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Google Glass's Main Feature

samgloversamglover Minneapolis, MN Admin
edited December 2013 in Legal Technology

Last Friday, I sat in on this webcast/web conference hosted by Mitch Jackson, a California lawyer who is one of the first to get Glass (or get it and blog about it, anyway).

During the webcast, I was struck by two things:

  1. Man, people wearing Glass look like dopes. It reminds me of orthodontic headgear.
  2. From what I can tell, one of the main features of Glass is the fact that it is a new thing, and people are curious about it, so they will talk to you. In other words, it's a really expensive ice-breaker. One social media consultant (big surprise) even said he got some work because he was wearing Glass. (Lawyers will look for the networking angle in anything. News at 11.)

Glass definitely does a few neat things, but you can already do them (hands-free, even) with your smartphone. I mean, I bet it is really cool to get directions from your eyeglasses, but it doesn't seem like the sort of thing that will change my life. My phone does a great job of that, already.

It seems to me that if the main feature of a thing is its newness, then you've got a problem. It won't be new forever.

If you watch that webcast, see if you can detect any other amazing current features. Mostly, the "Glass Explorers" (yes, they really refer to themselves as "Explorers") talked about how it could be awesome in the future, not how it is awesome. Turn-by-turn directions and hands-free text messaging aren't transformative just because they are in your eye. Most of the things that could make Glass awesome haven't been invented for it, yet, though. If you think of it as a platform, though, instead of a product, it starts to look a lot more interesting. Listen to the apps the developer Mitch was interviewing is working on, and you'll get the idea.

But I still don't think I would want to go around in public with it on.


  • Jeffrey_TaylorJeffrey_Taylor Oklahoma City

    Sam, a little more harsh than I would be --- not so sure about the dopes part --- but I think you're right to a particular extent.

    Newness is a huge factor. I'm in the position to both want Glass and can now actually afford to drop $1500 for the purchase.

    The cost aspect is a huge consideration. Glass doesn't have a very good return on investment if the sole reason is to act as an ice breaker.

    Right now, since Glass is so new and so remote, I'm not sure that it's the wisest use of someone's funds. The problem is, there just aren't enough apps to make the platform more valuable than a good smartphone.

    Here's two I see some benefit to Glass:

    1. Being able to record longer, steadier videos - your body acts as a tripod to stabilize videos.
    2. Presentation notes streaming through the HUD.

    Of course, I don't believe those outweigh the cost factor. I'm sure in the future, all things will be fantastic. But for now, because Glass is limited in its abilities, I'm not sure it justifies replacing my smartphone.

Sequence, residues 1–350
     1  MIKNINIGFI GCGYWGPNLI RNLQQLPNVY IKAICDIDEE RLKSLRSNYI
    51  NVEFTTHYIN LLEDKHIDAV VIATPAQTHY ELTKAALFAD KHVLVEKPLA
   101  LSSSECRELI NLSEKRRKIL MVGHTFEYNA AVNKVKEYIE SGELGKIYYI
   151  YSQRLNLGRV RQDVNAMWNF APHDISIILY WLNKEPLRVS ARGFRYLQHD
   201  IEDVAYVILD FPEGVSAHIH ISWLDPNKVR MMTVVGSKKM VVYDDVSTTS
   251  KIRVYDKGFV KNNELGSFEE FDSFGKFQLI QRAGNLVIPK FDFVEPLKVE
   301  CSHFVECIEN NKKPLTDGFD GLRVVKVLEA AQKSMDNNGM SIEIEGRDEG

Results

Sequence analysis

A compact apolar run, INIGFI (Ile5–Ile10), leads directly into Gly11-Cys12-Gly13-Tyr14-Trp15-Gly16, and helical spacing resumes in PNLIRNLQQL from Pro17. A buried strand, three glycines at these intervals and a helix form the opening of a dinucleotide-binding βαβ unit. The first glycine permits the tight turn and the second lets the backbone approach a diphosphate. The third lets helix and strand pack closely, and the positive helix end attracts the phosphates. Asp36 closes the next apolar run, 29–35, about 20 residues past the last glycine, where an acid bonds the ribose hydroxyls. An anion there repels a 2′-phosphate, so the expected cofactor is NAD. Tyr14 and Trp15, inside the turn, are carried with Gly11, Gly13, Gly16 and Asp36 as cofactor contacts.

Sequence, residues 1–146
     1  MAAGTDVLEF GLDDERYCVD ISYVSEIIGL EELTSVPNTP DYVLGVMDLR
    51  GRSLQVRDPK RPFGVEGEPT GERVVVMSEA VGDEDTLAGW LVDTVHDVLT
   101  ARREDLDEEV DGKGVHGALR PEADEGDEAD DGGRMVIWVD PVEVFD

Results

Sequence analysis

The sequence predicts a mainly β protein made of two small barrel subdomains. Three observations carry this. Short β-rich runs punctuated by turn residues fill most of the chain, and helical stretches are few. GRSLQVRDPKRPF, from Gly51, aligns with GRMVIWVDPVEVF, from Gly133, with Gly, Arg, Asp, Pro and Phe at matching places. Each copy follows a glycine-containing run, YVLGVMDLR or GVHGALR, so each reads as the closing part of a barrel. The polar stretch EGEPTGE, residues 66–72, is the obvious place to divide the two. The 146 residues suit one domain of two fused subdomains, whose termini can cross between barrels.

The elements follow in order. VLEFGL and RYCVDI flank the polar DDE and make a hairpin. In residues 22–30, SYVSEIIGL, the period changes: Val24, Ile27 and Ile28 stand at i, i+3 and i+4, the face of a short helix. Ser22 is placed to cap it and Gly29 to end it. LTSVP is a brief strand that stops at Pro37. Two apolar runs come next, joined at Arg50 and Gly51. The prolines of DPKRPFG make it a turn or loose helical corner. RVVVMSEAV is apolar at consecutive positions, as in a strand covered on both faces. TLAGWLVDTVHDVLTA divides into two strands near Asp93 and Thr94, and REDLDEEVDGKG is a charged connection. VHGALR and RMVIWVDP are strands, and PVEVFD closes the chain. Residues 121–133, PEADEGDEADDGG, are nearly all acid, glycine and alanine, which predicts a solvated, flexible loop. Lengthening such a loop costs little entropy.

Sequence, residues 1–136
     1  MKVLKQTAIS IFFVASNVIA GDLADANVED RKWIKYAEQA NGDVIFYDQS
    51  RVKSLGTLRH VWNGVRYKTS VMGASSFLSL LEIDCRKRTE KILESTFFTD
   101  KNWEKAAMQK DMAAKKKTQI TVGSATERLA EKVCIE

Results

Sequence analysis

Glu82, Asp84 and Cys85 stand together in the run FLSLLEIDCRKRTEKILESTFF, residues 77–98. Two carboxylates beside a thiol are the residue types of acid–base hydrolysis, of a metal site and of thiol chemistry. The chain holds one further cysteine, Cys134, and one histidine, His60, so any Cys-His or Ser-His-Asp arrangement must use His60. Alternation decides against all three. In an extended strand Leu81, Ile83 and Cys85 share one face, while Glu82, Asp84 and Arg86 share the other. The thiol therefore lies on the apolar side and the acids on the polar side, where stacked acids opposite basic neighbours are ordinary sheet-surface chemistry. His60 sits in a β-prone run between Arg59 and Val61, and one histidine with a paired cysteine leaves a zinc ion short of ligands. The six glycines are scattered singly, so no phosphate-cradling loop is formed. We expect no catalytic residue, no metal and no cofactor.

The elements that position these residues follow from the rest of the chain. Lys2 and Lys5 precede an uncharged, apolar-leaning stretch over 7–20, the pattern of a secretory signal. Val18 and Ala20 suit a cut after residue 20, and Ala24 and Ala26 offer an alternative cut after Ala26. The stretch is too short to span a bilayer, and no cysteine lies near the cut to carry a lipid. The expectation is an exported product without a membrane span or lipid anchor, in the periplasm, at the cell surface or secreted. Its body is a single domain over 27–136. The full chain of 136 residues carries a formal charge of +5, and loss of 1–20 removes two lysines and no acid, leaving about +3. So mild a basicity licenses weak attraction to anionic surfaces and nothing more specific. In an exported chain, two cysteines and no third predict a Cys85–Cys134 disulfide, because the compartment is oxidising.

• samgloversamglover Minneapolis, MN Admin

    It's only harsh if you don't think they look silly wearing Glass.

    I get the advantages of having an always-available HUD. I'm not convinced it's worth looking like a weenie all the time.

  • mitchjacksonmitchjackson California
    edited December 2013

    Hi Sam. Mitch Jackson here. I'm glad you joined us during the Spreecast. If you haven't done so already, you may want to read Robert Scobel's new book entitled, "Age of Context" and specifically, Chapter 2. I'm not sure if you've ever used Glass but it's truly an amazing mobile technology. We enjoyed talking about our experiences and sharing stories. Didn't know someone would be critiquing our every word or thought. Kind of creepy when you think about it. FYI, I walked away from the Spreecast with a smile and really enjoyed interacting with other very nice people. As for looking like "weenies", at least we can take our Glass off. What's your excuse? -- sent from Google Glass

  • samgloversamglover Minneapolis, MN Admin

    Mitch, I really hoped you would stop in and school me on all the things Glass does that you just didn't talk about during your webcast. I'm sure there are things. Instead, you just stopped in to call me a weenie. Nice.

    I didn't call you a weenie, by the way. I think it's great that you are out there on the cutting edge with Glass. Someone needs to be. What I did say was that you looked like a weenie while wearing Glass. That's a criticism of Glass, not of you. Maybe that wasn't clear #throughglass.

  • reviewing the blog, I cannot imagine the looks one would get wearing google glass to a deposition or jury selection.

  • I think Google Glass and other wearable technology is the future. I agree it's not necessarily worth diving in a buying it right now unless you want to "play" with it. That's why I haven't yet bought it.

    But I do think that it's a lot like ebooks--a concept I wasn't initially sold on--the idea seems off putting at first but in a very short timeframe, everyone will be used to it and it will just be the way we interface with the Internet and cloud-enabled tech.

    I've been right about most new tech in predicting how and when I think most lawyers will use it (with the exception of ebooks, although I didn't actually publicly state my opinion re: ebooks) and I'm pretty sure I'm right about Google Glass, as well. Give it until mid-2015 and I think it'll start to be used and accepted by mainstream users and lawyers will also begin to see the light as well.

  • Jeffrey_TaylorJeffrey_Taylor Oklahoma City

    To be fair, Nichole, ebooks never really took off because publishing companies never got behind them. I still believe more people, especially schools and universities, would adopt ebooks if there were more options.

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